In one improvement, in a preparatory phase, an acquisition is made of what shall hereinafter be called a gradual intermediate value, a value for example of the measurement of a potential at a terminal. This intermediate value is called progressive because the potential at this terminal can be modified from a basic value, during the application of the electrical signal (generally the basic value is 0 volts), up to a stabilized value (generally Vcc or even Vcc/2). However, the measurement may equally well be a voltage or current measurement (in both cases DC or AC voltage or current), a frequency, a measured temperature and the result of a computation or any other value. The progress of the value of this potential is repetitive. Its chronology is always the same. A progressive value is then acquired at the intermediate date, before the end of the nominal waiting duration. This gradual value may be equal to the stabilized value itself: in this case, the nominal waiting duration planned is quite simply fixed to excess. This gradual value however may be different (in general lower) than the stabilized value. Owing to the repetitive nature of the phenomenon, it is certain that, for a component, the chronology will be the same.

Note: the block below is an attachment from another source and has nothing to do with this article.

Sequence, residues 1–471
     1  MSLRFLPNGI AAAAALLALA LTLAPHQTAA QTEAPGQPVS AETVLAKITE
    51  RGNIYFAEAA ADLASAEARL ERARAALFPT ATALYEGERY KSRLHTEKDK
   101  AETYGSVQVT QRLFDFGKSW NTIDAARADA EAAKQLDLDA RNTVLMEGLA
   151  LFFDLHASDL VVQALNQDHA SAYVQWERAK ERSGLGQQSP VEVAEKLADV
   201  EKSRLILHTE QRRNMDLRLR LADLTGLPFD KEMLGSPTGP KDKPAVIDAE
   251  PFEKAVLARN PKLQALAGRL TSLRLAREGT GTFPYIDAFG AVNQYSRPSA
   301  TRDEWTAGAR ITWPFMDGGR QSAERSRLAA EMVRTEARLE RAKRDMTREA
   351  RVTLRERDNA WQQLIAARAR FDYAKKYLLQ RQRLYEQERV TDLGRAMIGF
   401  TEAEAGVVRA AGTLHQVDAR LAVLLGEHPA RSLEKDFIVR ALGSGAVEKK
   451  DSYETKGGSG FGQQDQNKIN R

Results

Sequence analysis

In this case, in the invention, the pair formed by the nominal duration and the standard value is replaced by the pair formed by the intermediate date and the gradual or intermediate standard value. The test then consists, on a component to be tested, in making an early measurement of a potential value at the intermediate date and in comparing this measured early value with the intermediate progressive standard value chosen on a component to be accepted.
While many voltages or other electrical quantities to be tested are increasing values, with a passage from 0 volts to Vcc, there are other voltages or other electrical quantities that are decreasing values. The same principle can be applied nevertheless for the terminals where these potentials are encountered.